By Emmanuel Jarry
PARIS (Reuters) - French unions and employers start talks on Friday over how to cut social charges weighing on companies, though both sides doubted the cuts could be linked to hiring targets as President Francois Hollande first promised.
The government hopes the parties will agree by early April on the terms of Hollande's so-called "responsibility pact", which aims to restore French corporate margins - the lowest in the euro zone - by cutting what they pay in social charges by some 30 billion euros (24.4 billion pounds).
Jobless data for January showed a new rise, after the Socialist-led government failed to keep a promise to get unemployment coming down by the end of 2013.
Unveiling the plan last month as part of a shift to more business-friendly policies, Hollande said business would in exchange have to commit to "clear, precise, measurable and verifiable" hiring targets.
But employers and even some union leaders agree such goals would be unworkable.
"From a macroeconomic point of view it's absurd to think that we can set a numerical (hiring) target," Laurent Berger, head of the CFDT, France's largest union by membership, told Les Echos business daily.
Pierre Gattaz, the head of France's main employers group Medef, has previously cited a target of creating one million extra jobs. But since then he has said he would reject any legally-binding hiring targets.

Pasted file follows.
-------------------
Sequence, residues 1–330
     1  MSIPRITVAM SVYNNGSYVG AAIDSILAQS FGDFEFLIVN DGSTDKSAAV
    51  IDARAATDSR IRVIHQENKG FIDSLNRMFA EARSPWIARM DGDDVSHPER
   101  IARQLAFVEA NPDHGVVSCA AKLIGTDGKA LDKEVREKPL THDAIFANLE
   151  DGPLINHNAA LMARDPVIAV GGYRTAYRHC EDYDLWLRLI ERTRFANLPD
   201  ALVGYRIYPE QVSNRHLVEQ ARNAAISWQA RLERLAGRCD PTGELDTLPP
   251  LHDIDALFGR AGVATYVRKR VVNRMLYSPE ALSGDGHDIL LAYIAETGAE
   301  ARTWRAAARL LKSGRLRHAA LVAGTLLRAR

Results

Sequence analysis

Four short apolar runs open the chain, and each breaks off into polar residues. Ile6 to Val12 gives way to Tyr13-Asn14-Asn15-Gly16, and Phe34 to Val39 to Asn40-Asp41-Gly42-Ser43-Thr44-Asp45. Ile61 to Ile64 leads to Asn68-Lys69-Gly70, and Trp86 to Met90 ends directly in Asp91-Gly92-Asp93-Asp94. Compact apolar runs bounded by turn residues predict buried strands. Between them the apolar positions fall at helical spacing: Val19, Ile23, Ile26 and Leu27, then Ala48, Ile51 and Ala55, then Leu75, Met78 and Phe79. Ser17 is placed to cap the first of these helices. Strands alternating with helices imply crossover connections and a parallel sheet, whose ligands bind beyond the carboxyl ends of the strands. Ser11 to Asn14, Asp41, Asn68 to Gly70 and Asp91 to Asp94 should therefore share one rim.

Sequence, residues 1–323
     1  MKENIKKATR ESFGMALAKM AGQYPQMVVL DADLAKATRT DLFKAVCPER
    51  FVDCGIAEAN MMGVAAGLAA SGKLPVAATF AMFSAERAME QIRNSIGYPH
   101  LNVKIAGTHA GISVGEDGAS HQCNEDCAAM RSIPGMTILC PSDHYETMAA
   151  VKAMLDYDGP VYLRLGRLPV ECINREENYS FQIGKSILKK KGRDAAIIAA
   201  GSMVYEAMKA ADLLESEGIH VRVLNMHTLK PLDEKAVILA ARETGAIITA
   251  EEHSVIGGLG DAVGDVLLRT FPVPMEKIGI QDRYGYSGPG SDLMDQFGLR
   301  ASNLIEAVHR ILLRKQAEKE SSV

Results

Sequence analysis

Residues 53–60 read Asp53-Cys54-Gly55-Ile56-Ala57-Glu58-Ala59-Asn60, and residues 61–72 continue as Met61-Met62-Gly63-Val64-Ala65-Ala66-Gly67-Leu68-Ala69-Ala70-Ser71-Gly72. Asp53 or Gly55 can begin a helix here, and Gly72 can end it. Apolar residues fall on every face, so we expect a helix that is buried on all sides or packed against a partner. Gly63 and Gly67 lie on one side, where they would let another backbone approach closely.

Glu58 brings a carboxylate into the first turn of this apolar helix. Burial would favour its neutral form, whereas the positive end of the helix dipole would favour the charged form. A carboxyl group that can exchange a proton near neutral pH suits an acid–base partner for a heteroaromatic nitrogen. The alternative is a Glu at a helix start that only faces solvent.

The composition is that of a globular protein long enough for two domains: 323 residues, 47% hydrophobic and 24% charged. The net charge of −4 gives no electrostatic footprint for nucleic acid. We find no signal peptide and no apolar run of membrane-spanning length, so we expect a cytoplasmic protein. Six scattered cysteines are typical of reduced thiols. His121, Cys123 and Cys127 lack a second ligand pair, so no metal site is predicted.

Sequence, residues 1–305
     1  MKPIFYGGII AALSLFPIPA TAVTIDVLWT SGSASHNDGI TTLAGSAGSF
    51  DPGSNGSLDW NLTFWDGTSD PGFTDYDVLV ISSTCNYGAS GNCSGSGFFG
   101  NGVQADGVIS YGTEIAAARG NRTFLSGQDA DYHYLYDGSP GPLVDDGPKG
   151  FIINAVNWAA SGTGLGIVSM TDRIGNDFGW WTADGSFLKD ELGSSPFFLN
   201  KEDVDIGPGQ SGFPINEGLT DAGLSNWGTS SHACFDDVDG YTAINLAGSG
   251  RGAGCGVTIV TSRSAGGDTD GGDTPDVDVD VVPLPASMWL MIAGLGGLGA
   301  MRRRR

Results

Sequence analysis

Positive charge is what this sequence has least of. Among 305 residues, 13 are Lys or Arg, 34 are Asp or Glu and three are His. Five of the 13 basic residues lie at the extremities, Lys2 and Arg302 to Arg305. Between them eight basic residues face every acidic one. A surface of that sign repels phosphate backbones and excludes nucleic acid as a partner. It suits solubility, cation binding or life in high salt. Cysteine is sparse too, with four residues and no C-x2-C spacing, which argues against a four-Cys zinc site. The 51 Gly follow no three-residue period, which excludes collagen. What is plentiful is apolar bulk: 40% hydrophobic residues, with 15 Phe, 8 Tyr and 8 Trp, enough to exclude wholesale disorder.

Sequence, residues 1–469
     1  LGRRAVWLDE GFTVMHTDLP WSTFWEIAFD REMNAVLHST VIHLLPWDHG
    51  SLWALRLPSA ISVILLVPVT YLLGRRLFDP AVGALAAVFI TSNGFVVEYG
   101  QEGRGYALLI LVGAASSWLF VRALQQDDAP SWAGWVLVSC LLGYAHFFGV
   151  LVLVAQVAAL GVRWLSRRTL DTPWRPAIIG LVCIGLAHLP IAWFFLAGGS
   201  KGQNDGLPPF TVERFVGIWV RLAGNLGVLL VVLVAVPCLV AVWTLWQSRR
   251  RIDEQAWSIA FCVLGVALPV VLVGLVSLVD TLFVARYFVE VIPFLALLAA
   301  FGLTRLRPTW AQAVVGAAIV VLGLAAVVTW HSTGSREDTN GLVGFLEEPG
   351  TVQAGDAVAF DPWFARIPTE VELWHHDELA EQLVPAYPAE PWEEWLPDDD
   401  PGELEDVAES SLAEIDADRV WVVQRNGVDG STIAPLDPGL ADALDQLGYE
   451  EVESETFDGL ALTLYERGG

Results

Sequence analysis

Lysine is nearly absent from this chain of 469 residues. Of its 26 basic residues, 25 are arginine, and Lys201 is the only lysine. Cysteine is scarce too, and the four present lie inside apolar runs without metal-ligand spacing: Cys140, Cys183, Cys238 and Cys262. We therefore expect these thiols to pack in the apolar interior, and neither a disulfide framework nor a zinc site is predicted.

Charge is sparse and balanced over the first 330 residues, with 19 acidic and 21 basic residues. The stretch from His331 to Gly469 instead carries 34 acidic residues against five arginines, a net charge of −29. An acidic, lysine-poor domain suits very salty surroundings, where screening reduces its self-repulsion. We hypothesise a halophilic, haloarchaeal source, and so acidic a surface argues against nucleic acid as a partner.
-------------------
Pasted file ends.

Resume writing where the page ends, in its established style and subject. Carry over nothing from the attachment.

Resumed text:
Talks are due to conclude shortly after local elections in late March with a draft law based on the deal to be sent to parliament around September, delaying any potential boost to job creation until the final quarter of 2014.
"The pact will take effect over time, but nobody is able to say that it will start to create jobs in six or eight months," said Joseph Thouvenel, vice president of the CFTC union.
Thouvenel said unions were likely to see hiring goals per professional sector, not on a national level, and that they may be defined in qualitative terms rather than numerically.
"Of course you can't have set the same objectives for the automotive sector, which is in decline, and the aeronautic sector, which is expanding," he added.
Hollande is relying on lower labour costs to kick-start hiring and economic growth quickly after he failed last year to start bringing down unemployment, currently above 11 percent.
Despite billions of euros spent on subsidised jobs, a reform loosening rules on hiring and firing and a major tax break for companies, joblessness hit a record in January with the number of people out of work up by 8,900.
Sapin said this week the jobless total should start to fall this year. But the European Commission forecast that France's jobless rate to stay at 11 percent in 2014. ($1 = 0.7317 euros)
(Additional reporting and writing by Nicholas Vinocur; editing by Mark John)